The sea knows no boundaries.Thus, all problems and possibilities are shared

The sea knows no boundaries.Thus, all problems and possibilities are shared

(On the photo Director, Professor Kerstin Johannesson, Gothenburg Centre for Marine Research at Centre for Environment and Sustainability, GMV, University of Gothenburg. Photographer: Thron Ullberg)

The sea is one of West Sweden’s core assets and entrepreneurship linked to the marine environment goes way back. Marine research at the University of Gothenburg involves research groups from many faculties. The research topic covers areas of extremely diverse orientation but has traditionally been established from an intradisciplinary perspective. Gothenburg Centre for Marine Research was initiated in 2011 to bridge traditional cluster formations and include a multidisciplinary dimension in an effort to strengthen the position of the university as one of the leading academic institutes within marine research in Europe.Gothenburg Centre for Marine Research works with cross-border activities aiming to encourage transdisciplinary collaborations and innovative research. We organize workshops where a small number of researchers in complementary disciplines meet, but also conferences with marine theme or focus on major research programs, such as the recently opened BONUS calls within the Joint Baltic Sea research and development programme 2012-1016.

Being a part of the Baltic Sea Region, we have to look for sustainable and more resource efficient ways of living as the region develops and grows. The Baltic Sea, for example, is home for a wide range of wildlife, flora and fauna, is a major transport route for shipping activities, but is also a source for recreation for many of the inhabitants in the Baltic Region. The co-existence of this multitude of activities challenges constantly triggers marine/maritime management and conservation discussions. However, it also offers many prospects, especially for a region that has proven to be a forerunner when it comes to problem solving. Based on interdisciplinary research results, collaborations must be continuous and in dialogue with stakeholders outside academia.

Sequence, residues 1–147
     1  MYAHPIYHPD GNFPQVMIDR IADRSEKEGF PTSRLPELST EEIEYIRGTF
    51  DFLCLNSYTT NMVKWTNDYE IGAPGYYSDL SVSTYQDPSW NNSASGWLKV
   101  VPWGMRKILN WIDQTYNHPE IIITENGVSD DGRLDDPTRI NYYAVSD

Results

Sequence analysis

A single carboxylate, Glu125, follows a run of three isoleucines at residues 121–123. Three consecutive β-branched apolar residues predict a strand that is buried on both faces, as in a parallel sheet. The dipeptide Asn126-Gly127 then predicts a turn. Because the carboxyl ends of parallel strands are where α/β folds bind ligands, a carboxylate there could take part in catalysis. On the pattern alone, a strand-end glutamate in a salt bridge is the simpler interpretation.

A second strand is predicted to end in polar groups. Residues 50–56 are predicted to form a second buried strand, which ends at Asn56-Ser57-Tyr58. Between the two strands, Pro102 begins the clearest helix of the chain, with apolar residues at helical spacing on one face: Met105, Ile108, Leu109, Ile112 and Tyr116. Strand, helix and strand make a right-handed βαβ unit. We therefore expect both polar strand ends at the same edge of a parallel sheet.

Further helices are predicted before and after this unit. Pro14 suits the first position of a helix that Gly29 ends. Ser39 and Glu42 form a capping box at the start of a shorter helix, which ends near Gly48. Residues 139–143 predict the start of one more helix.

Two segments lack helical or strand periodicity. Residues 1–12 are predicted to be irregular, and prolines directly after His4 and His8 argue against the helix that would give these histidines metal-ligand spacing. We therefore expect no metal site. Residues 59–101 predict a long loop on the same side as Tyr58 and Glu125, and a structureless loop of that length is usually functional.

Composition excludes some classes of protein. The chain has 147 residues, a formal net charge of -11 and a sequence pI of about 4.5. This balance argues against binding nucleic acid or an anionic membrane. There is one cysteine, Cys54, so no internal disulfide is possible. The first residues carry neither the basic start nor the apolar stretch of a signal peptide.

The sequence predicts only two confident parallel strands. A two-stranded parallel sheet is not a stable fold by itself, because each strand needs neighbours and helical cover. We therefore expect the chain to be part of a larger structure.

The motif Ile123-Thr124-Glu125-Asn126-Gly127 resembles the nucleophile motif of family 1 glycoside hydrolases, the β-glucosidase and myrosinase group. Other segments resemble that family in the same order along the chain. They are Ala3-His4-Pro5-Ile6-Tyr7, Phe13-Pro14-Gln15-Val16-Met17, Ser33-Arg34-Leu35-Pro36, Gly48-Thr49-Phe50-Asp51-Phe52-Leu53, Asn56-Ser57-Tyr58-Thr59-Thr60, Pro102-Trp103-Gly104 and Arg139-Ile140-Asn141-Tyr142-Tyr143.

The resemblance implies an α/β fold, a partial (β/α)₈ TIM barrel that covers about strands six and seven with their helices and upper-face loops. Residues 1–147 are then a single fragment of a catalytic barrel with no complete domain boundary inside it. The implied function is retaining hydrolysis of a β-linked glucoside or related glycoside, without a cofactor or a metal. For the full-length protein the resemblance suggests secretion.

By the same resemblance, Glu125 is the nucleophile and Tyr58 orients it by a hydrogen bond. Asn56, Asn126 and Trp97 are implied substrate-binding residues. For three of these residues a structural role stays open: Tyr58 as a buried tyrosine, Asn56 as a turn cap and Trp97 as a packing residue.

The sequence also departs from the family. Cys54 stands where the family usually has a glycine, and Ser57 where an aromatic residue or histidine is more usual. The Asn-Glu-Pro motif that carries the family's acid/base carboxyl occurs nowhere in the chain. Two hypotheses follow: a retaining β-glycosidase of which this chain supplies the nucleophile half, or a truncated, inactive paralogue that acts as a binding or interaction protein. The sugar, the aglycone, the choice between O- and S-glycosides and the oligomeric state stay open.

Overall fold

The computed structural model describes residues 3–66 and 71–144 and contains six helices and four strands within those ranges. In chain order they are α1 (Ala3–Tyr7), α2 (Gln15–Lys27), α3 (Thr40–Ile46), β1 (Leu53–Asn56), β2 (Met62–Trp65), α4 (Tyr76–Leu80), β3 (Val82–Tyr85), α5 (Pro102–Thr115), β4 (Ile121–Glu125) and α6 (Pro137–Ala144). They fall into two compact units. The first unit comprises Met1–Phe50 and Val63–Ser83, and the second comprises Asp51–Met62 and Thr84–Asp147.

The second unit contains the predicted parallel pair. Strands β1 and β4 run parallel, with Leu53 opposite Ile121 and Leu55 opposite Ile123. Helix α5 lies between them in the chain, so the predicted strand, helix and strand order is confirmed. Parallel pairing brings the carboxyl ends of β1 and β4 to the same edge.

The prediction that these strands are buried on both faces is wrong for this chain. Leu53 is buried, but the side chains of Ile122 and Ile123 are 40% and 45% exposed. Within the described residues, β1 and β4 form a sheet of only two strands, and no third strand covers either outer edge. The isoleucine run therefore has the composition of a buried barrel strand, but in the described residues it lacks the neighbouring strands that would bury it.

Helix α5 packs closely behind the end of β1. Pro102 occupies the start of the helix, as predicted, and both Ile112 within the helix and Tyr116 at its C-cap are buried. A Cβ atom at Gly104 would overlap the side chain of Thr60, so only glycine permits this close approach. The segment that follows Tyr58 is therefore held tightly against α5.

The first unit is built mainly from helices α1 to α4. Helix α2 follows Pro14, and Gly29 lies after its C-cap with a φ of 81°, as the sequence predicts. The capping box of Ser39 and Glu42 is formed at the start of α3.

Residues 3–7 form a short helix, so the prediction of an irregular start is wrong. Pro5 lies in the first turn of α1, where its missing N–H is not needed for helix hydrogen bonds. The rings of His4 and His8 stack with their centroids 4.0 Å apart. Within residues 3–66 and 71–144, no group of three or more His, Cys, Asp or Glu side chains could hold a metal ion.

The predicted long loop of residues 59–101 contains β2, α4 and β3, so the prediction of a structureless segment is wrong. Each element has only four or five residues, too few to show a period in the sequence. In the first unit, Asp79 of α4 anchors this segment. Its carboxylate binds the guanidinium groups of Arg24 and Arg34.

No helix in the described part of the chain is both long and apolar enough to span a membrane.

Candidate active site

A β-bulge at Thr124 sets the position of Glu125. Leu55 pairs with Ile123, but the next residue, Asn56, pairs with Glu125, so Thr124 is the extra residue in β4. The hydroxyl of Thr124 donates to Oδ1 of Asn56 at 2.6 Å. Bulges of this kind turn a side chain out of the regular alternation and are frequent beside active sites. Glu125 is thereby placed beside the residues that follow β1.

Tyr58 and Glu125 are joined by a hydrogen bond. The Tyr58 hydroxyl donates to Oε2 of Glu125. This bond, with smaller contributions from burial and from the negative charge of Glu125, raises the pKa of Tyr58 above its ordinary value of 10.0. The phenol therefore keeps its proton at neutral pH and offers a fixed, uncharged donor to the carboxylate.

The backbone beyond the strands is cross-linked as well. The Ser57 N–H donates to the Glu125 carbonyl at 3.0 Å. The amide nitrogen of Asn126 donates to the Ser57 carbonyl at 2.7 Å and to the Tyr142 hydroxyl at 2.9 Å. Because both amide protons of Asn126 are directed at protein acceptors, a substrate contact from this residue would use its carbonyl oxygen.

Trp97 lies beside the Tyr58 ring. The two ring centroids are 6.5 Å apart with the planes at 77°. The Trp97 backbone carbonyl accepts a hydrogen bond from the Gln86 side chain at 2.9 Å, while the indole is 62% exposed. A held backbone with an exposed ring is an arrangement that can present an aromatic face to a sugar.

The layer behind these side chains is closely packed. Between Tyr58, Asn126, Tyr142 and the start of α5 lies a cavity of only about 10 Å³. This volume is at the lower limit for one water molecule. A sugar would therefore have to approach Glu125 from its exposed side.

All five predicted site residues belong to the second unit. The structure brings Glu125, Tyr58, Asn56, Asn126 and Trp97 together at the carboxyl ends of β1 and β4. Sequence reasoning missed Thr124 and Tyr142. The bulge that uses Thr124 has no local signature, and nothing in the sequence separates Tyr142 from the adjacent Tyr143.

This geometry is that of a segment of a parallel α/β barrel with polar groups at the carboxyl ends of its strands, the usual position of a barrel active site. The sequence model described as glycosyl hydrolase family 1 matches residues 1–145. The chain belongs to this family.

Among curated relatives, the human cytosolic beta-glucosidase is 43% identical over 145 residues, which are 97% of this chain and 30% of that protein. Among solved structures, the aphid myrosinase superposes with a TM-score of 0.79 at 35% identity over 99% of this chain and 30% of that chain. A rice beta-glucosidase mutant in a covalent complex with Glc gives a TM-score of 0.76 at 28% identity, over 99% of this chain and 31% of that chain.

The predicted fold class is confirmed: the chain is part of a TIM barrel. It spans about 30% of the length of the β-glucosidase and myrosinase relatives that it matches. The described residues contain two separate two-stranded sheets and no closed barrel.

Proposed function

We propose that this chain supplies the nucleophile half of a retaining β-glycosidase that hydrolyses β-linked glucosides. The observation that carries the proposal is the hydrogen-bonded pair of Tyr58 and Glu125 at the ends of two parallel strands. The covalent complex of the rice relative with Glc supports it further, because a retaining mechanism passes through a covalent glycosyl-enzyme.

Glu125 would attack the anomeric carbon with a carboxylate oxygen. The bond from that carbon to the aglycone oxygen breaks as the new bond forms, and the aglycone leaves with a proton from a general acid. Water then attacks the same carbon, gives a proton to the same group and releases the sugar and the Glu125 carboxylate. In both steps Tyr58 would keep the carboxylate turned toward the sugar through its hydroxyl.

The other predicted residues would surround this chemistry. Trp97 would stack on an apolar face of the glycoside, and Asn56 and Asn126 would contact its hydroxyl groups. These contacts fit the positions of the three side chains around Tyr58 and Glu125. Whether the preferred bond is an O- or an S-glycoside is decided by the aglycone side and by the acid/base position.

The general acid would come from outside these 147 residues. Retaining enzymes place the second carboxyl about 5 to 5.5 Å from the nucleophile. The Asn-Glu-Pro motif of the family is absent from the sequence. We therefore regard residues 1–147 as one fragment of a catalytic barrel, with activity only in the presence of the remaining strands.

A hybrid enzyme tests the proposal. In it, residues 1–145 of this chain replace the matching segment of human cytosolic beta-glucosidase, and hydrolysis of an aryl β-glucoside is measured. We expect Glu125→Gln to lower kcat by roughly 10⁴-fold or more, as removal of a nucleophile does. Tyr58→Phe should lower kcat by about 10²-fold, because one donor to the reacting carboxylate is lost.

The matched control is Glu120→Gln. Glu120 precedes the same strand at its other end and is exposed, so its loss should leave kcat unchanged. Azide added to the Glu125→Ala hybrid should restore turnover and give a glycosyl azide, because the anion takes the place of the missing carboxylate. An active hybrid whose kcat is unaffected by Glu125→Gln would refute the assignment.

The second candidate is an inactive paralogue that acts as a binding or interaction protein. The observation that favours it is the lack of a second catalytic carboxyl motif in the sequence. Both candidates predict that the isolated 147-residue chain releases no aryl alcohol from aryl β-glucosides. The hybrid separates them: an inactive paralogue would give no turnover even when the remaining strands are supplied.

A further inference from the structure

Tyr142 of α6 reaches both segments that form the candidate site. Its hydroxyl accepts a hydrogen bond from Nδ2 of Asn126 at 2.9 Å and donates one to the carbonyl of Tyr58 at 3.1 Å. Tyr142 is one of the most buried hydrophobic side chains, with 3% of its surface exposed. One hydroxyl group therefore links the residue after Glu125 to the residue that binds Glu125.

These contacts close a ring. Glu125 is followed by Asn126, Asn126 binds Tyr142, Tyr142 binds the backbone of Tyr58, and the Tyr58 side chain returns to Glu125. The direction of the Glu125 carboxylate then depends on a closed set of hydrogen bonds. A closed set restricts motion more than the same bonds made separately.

A few years ago, a survey was conducted in West Sweden by leading representatives from academia and the public and private sectors. Five clusters with strength and potential for the future were identified. These clusters were:

• Urban future

• The marine environment and the maritime sector

• Transport solutions

• Green chemistry and bio based products

• Life science

The Västra Götaland Region decided at the same time to evaluate the regional maritime strategy from 2008. The aim was to describe the current state of “The marine environment and the maritime sector”. The work was performed in collaboration with Chalmers and University of Gothenburg to provide an analysis of future growth areas. Maritime actors are structured in thematic clusters, including meeting points, to enhance the dynamic interaction between “knowledge producers”, businesses and public sector actors. The maritime clusters in West Sweden are characterized by both partnerships with competence centers around the Baltic and North Seas and collaborations on a larger European or global scale. Each cluster will be steered by representatives from these sectors and hosted by already established organisations, such as Gothenburg Centre for Marine Research.

Activities at the Gothenburg Centre for Marine Research stimulate innovation in the border areas between traditional disciplines, and aim to mobilize multidisciplinary efforts to address research problems that require comprehensive approaches. Our goal is to be the hub for researchers in identifying interdisciplinary and cross-border constellations for new projects.

Gothenburg Centre for Marine Research also organizes a transdisciplinary graduate school in marine environmental science. With funding from the University of Gothenburg, doctoral students and their supervisors work in interdisciplinary paired projects to support a sustainable management of marine resources. Currently fourteen graduate students are engaged in seven twin-projects.

More information at Gothenburg Centre for Marine Research

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